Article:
Physical Distancing – Socially Connected

by | Mar 25, 2020 | Australia, Care Professionals, Support, Top Tips

At the moment we are facing many changes to our daily lives and being able to navigate through these can be challenging. The priority is to ensure the health and safety of your family and care professional and we understand that your children or family may be in a higher risk category.

We are not social distancing, we are physical distancing

Now more than ever, we need to be socially connected

Create a mini “household manual” for this situation: Here

There are things everyone can do to slow the spread of the virus and lower the chances of being infected. The first and best guideline is to be diligent about hand washing; wash using soap and water for 20 seconds and dry hands using a clean or disposable towel.

Your carers and yourselves should discuss what guidelines are right for your situation, such as not attending certain extra-curricular activities, limiting attendance to social events or adding additional cleaning and personal hygiene rules.

Plan what will happen if the school closes:

If your child’s school is temporarily closed or if you decide that they should not attend for a period of time, what are the guidelines you want in place?

  • Can your child still socialise with other children?
  • Can your care professional or other supports take your child on outings (e.g. the library or park)?
  • What activities and structure will you and your care professional plan for your child?
  • Will normal guidelines for screen time change?
  • What will be your care professionals role in homeschooling or facilitating educational activities?

There are always more questions!

Because every family and carer is unique, there will always be other questions. Again, the best approach is honest, respectful dialogue between the parents and care professionals and the wider therapy and support team.

Below are a few questions we’ve received (in addition to the ones addressed above) from parents and carers. Some of these may be relevant to your family situation and you can discuss these further with your care professional.

  • Should we be able to impose restrictions on the care professionals’ personal life to ensure they are not exposed to the virus and become unwell or infect our family?
  • For care professionals that care for school aged kids, if the school closes for a long period of time (e.g. school moves to distance learning), how will this affect the working hours rules? (Care professionals can still work a maximum of 10 hours per day and 40 hours per week)
  • Will my care professional be able to return home at the end of the program? (This is a situation that we are continuing to monitor. At this point, care professionals are able to return home to Germany)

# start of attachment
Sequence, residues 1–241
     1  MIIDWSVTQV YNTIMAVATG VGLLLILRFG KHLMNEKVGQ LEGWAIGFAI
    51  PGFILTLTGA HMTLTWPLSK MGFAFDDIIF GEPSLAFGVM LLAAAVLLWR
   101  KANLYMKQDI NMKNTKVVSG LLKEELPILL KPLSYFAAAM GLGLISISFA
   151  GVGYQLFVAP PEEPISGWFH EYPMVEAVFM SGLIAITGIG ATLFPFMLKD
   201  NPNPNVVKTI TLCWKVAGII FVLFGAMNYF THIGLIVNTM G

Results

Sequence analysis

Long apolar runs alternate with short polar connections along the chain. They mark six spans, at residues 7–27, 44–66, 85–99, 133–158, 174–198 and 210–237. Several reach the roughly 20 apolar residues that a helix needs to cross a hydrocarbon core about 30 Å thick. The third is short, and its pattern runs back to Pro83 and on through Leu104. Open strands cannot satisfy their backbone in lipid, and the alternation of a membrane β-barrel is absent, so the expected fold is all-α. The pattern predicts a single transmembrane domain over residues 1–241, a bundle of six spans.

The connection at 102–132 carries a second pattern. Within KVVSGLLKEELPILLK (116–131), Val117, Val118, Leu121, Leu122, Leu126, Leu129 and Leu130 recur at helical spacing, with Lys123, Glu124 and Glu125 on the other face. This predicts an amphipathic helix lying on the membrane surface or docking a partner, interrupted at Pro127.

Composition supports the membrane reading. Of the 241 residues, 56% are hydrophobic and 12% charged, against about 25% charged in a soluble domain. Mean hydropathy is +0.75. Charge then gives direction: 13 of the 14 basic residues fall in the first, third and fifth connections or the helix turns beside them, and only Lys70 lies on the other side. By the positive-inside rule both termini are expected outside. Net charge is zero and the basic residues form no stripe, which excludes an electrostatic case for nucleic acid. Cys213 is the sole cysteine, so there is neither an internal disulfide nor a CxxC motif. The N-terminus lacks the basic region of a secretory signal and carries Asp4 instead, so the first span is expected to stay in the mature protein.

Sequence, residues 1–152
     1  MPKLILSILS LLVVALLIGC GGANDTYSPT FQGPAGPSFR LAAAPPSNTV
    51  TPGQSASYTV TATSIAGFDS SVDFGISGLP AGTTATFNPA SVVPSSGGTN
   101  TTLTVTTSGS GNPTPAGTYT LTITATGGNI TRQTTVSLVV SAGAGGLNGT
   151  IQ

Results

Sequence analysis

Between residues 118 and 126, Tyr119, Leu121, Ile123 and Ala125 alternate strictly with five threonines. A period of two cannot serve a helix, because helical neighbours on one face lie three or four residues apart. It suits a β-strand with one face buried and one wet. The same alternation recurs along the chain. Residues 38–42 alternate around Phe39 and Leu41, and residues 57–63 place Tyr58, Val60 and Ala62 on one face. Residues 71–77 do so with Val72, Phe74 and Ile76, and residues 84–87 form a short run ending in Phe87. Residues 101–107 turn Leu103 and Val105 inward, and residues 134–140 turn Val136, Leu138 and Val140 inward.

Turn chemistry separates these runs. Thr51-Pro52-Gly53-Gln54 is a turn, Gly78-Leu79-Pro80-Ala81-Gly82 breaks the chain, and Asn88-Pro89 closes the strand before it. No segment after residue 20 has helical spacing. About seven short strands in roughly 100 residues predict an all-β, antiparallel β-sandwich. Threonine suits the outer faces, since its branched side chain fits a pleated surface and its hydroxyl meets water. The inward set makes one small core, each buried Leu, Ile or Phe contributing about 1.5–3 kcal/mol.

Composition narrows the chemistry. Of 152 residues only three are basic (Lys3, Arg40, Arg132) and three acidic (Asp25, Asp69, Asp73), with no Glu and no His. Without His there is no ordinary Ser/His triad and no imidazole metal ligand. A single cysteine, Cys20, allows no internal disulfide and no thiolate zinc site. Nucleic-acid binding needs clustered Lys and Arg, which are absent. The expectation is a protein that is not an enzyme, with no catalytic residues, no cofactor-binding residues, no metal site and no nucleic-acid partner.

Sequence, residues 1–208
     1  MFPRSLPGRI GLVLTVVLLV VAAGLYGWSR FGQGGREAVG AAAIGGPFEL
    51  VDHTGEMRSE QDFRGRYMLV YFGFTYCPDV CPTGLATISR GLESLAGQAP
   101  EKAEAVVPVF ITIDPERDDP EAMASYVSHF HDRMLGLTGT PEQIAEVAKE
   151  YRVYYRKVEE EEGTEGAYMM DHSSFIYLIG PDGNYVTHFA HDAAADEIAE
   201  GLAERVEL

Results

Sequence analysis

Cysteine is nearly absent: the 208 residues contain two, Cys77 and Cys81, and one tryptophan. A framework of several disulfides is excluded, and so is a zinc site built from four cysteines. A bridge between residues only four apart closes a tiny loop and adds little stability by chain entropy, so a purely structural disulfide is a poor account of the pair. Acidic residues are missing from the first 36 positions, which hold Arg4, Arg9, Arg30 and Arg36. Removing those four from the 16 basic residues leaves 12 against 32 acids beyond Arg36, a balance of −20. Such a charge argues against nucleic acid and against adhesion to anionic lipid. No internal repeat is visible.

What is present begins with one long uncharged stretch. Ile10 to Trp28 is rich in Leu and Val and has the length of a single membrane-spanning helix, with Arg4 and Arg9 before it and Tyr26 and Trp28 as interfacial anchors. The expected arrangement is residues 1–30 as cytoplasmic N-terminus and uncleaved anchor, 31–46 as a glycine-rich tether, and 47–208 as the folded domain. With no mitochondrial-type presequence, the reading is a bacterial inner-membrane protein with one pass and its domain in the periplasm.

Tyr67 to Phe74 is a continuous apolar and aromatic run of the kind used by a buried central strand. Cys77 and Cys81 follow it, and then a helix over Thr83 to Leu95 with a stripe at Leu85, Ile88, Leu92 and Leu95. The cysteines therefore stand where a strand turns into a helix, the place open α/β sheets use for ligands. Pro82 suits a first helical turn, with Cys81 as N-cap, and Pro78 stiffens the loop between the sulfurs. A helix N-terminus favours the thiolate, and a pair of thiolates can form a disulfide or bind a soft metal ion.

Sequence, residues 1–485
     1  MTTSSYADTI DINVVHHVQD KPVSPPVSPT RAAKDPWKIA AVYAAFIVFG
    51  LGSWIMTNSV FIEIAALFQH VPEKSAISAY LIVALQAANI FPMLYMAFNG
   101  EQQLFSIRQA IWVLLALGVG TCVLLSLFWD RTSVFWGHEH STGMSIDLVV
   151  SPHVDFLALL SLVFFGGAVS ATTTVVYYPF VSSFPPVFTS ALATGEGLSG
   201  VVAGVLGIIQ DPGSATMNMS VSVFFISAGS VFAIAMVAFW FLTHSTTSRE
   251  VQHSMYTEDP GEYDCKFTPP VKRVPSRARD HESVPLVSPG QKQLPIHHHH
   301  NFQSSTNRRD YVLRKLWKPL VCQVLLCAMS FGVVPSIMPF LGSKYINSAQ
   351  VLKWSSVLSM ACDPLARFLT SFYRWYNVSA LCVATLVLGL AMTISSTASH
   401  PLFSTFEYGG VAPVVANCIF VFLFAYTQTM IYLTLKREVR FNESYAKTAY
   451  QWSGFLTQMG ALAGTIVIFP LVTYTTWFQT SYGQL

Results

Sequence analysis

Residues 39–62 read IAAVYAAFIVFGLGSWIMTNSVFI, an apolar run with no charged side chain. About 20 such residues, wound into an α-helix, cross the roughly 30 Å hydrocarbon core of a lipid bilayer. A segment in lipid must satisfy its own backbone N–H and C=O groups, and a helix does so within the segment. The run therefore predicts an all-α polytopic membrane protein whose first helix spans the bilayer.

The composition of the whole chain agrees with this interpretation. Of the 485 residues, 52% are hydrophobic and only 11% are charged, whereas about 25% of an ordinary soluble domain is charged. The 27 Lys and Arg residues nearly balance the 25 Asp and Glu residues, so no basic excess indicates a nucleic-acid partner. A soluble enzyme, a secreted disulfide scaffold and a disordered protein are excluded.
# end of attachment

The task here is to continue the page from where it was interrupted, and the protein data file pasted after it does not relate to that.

We encourage you to continue speaking with your support staff about your family’s response plan, the appropriate physical distancing and to maintain the personal hygiene recommendations. While it may be challenging for your care professional and other supports to limit social events and interaction, in doing this, they are prioritising the health and safety of themselves and your family.

Self care and managing stress

We would like to ask you to consider the additional stress that you, your family and wider support team may be experiencing at this time. We are all in this together and many changes are happening quickly – parents are learning to work from home, may be stressed about their jobs or ageing parents and children are out of their routines. Carers and support staff may be worried about friends and family, their own health risks, job stability etc. Please be understanding of their concerns as they voice them to you and take time to talk your concerns through too.

It is equally important to take time away from the news and social media channels as being tuned in to these all the time causes a great deal of stress. Taking care of yourself physically and mentally is extremely important.

Some strategies that may help throughout this period of time include:

  • Consider how you can help balance the stress you may be feeling. It is important to talk to friends and family, find time to laugh, meditate, read, take a bath, do something to relieve stress.
  • While we need to physically distance ourselves, we need to be socially connected. Use technology to keep in touch, there are many options to stay connected, phone, Zoom, Skype and WhatsApp for example
  • Learn to identify and discuss stressors within yourself and your family group.
  • Find things to be grateful for, when we are surrounded by stress and worrying news it is important that we take time each day to appreciate and celebrate the small things in life
  • Please see this article from the World Health Organisation for their recommendations for managing stress and anxiety.

Finally, school closures:

While this still remains to be a contentious issue, we also wanted to share some resources with you that we have collected in case children are asked to stay home from school:

We wish you and your family all well throughout this time and encourage you to focus on communication, keep social connections alive while adhering to the physical distancing recommendations and following the relevant advice to keep yourself and your loved ones safe.

Our team is here to support you all, so reach out to us with questions or concerns and let us know if we can help in any way.